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Publication numberUS4701227 A
Publication typeGrant
Application numberUS 07/011,086
Publication dateOct 20, 1987
Filing dateFeb 5, 1987
Priority dateFeb 5, 1987
Fee statusLapsed
Publication number011086, 07011086, US 4701227 A, US 4701227A, US-A-4701227, US4701227 A, US4701227A
InventorsNicholas P. Loverro, Jr.
Original AssigneeLoverro Jr Nicholas P
Export CitationBiBTeX, EndNote, RefMan
External Links: USPTO, USPTO Assignment, Espacenet
Ammonium nitrate explosive compositions
US 4701227 A
Abstract
The shock sensitivity of explosives based on ammonium nitrate can be decreased by adding thereto a desensitizing amount of a polyethyleneimine or a polyethyleneimine polynitrate.
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Claims(20)
I claim:
1. A method for desensitizing explosive compositions based upon ammonium nitrate which consists essentially of incorporating a desensitizing amount of a polyethyleneimine into said composition.
2. The method of claim 1 wherein said desensitizing amount is about 0.5 to 15 weight percent.
3. The method of claim 1 wherein said polyethyleneimine has an average molecule weight of about 10,000 to greater than 60,000.
4. The method of claim 1 wherein said explosive composition is a eutectic mixture of 46 wt% ammonium nitrate, 46 wt% ethylenediamine dinitrate and 8 wt% potassium nitrate.
5. The method of claim 4 wherein said polyethyleneimine has an average molecular weight of about 10,000.
6. The method of claim 4 wherein the amount of said polyethyleneimine is 2 wt percent.
7. The method of claim 5 wherein the amount of said polyethyleneimine is 5 wt. percent.
8. A method for desensitizing explosive compositions based upon ammonium nitrate which consists essentially of incorporating a desensitizing amount of a polyethyleneimine polynitrate into said composition.
9. The method of claim 8 wherein said desensitizing amount is about 0.5 to 15 weight percent.
10. The method of claim 8 wherein said polyethyleneimine polynitrate is derived from a polyethyleneimine having an average molecular weight of about 10,000 to greater than 60,000.
11. The method of claim 8 wherein said explosive composition is a eutectic mixture of 46 wt% ammonium nitrate, 46 wt% ethylenediamine dinitrate and 8 wt% potassium nitrate.
12. An explosive composition consisting essentially of an explosive based upon ammonium nitrate and a desensitizing amount of a polyethyleneimine.
13. The composition of clainm 12 wherein said desensitizing amount is about 0.5 to 15 wt percent based upon the weight of said explosive.
14. The composition of claim 13 wherein said explosive is a mixture of ammonium nitrate, ethylenediamine dinitrate and potassium nitrate.
15. The composition of claim 14 wherein said mixture is a 46:46:8 mixture.
16. The composition of claim 15 wherein the amount of said polyethyleneimine is about 2 wt percent.
17. An explosive composition consisting essentially of an explosive based upon ammonium nitrate and a desensitizing amount of a polyethyleneimine polynitrate.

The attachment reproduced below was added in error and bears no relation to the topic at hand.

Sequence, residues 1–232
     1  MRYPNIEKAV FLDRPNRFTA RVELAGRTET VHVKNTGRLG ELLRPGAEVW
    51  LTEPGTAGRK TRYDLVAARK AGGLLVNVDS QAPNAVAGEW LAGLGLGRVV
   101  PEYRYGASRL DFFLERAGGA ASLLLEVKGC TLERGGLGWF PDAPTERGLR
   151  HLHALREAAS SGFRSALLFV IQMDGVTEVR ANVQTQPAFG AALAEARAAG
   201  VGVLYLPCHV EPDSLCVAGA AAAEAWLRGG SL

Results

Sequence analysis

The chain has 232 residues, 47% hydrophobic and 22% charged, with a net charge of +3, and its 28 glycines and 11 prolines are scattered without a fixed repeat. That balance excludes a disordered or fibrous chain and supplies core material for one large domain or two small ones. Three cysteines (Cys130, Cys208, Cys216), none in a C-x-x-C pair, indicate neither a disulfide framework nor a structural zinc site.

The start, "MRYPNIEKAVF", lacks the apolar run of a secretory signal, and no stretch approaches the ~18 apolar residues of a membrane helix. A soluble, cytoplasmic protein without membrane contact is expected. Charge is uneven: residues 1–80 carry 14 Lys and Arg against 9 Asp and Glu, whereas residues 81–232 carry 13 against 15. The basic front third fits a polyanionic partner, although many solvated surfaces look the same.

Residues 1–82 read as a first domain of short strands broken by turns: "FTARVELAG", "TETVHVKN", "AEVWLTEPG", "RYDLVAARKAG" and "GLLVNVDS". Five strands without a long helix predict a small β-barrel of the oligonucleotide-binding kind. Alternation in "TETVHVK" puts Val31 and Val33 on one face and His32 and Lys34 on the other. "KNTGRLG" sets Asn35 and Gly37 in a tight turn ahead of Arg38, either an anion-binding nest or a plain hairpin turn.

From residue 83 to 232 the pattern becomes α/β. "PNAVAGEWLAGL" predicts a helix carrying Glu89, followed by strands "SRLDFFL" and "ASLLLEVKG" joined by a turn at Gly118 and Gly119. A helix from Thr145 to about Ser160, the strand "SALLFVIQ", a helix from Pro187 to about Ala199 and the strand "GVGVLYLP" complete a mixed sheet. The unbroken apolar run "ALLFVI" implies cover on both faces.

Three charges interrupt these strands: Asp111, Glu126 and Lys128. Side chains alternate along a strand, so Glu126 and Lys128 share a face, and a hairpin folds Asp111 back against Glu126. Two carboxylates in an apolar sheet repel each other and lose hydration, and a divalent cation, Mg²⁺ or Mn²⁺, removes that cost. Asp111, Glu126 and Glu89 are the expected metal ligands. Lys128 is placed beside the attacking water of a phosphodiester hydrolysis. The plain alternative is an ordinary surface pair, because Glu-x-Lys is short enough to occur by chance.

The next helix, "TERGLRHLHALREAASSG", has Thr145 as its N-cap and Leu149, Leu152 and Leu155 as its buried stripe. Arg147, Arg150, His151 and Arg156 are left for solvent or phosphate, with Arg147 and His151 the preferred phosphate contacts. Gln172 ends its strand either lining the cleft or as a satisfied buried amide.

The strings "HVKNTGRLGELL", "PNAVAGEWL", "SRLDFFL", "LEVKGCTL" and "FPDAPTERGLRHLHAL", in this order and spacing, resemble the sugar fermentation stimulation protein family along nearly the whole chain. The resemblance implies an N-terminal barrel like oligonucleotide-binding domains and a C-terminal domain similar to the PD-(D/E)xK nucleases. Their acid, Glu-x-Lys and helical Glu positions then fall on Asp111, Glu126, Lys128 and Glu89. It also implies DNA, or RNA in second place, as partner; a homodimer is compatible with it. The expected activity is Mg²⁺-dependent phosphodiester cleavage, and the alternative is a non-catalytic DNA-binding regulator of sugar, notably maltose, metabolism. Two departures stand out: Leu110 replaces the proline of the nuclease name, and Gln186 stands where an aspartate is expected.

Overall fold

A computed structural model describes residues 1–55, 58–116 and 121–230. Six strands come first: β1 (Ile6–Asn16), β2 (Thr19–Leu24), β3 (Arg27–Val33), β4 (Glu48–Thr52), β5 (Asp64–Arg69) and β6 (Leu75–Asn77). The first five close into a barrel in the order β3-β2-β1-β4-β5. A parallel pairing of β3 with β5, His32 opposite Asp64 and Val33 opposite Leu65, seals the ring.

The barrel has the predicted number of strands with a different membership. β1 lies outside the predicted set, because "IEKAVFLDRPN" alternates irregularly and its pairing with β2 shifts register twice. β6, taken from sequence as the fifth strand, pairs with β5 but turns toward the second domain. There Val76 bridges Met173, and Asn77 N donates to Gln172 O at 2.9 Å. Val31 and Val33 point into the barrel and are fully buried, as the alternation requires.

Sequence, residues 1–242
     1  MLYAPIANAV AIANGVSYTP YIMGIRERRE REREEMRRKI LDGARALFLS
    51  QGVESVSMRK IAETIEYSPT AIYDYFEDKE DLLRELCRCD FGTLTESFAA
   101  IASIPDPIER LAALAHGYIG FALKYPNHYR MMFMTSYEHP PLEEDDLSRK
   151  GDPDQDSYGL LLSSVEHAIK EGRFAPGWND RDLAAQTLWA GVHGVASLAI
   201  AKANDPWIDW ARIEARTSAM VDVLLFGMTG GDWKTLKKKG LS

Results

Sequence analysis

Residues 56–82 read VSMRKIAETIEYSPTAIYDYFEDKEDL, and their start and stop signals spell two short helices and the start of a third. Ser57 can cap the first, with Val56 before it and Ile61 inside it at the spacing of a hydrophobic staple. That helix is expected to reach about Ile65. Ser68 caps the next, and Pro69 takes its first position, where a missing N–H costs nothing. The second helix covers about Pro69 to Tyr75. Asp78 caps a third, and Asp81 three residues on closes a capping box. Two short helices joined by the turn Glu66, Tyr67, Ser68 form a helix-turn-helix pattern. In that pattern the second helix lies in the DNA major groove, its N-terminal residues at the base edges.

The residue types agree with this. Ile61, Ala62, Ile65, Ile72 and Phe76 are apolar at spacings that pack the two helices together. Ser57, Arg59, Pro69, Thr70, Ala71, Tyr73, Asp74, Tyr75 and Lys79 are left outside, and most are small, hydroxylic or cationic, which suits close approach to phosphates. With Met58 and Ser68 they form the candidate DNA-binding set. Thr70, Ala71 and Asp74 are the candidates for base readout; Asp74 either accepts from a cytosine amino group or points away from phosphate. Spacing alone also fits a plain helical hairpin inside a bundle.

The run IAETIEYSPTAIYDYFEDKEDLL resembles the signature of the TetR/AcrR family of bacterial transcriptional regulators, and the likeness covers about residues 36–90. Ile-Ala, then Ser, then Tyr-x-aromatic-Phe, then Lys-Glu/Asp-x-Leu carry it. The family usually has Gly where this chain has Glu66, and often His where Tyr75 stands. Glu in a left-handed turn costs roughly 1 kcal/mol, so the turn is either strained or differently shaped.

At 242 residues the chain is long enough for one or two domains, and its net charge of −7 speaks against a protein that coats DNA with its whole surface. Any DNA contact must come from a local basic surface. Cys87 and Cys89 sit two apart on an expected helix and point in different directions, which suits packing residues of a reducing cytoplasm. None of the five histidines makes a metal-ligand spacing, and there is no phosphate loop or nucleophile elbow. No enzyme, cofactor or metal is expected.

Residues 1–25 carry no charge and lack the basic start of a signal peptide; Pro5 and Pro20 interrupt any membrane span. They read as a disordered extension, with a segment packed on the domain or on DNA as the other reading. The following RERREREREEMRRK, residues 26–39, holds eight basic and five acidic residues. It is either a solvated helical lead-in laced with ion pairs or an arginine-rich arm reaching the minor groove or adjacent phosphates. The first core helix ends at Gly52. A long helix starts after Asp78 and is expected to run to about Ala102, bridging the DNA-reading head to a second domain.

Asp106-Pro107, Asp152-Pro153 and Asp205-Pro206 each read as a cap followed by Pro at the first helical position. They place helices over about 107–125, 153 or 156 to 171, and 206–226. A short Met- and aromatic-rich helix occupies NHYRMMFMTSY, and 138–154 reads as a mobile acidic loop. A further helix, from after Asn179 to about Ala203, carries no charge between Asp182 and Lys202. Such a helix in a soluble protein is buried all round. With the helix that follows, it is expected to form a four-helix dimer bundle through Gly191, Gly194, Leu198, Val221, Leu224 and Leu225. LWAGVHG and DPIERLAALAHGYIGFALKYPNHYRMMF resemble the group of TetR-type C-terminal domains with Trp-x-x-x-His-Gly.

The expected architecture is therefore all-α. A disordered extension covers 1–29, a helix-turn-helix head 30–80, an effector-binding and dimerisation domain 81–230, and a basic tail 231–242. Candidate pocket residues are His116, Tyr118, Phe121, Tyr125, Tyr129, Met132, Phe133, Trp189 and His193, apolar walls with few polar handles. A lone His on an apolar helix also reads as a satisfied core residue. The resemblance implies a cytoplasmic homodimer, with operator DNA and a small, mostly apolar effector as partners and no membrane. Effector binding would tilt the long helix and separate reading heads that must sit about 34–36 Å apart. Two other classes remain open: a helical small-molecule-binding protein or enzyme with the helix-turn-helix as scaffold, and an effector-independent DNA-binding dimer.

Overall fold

18. The composition of claim 17 wherein said desensitizing amount is about 0.5 to 15 wt percent based upon the weight of said explosive.
19. The composition of claim 18 wherein said explosive is a mixture of ammonium nitrate, ethylenediamine dinitrate and potassium nitrate.
20. The composition of claim 19 wherein said mixture is a 46:46:8 mixture.
Description
RIGHTS OF THE GOVERNMENT

The invention described herein may be manufactured and used by or for the Government of the United States for all governmental purposes without the payment of any royalty.

BACKGROUND OF THE INVENTION

This invention relates to explosives, particularly explosive compositions based upon ammonium nitrate.

Traditional general-purpose explosives comprise trinitrotoluene (TNT), which has several disadvantages. It is a Class-A explosive, requiring special mixing and handling procedures and storage facilities, all accordingly increasing the cost of use. The preparation of this explosive is through nitrate substitution of toluene by a mixed acid consisting of concentrated nitric acid and sulphuric acid. The cost of concentrated nitric acid is moderately expensive and the excess nitric acid in the product destabilizes the explosive and presents corrosion problems. Trinitrotoluene is not water soluble and bomb disposal cannot be done economically by steam or hot water.

A binary mixture of ethylenediamine dinitrate (EDDN) and ammonium nitrate (AN) is water soluble, thereby having several advantages over trinitrotoluene such as safer storage as a non-explosive water solution and cheaper disposal. However, the binary mixture has a high melting point, has stability problems, and is expensive.

Recently potassium nitrate has been added to improve the stability of the mixture. The problems associated with the binary mixture remain and the amount of chloride impurities is increased by the additional chloride impurities found in potassium nitrate (KN). If these impurities are not removed, the explosive has serious corrosion problems, and if the impurities are removed the cost of the explosive increases greatly. The present method of making the ternary mixture is to mix solid ethylenediamine dinitrate, ammonium nitrate and potassium nitrate. Ethylenediamine dinitrate is not commercially available in large quantities and is expensive. Industrial grade ammonium nitrate and potassium nitrate are too impure to be used without the additional expense of purification. Dry mixing three explosives to form an explosive mixture requires special procedures and precautions, causing the cost of the process to increase significantly.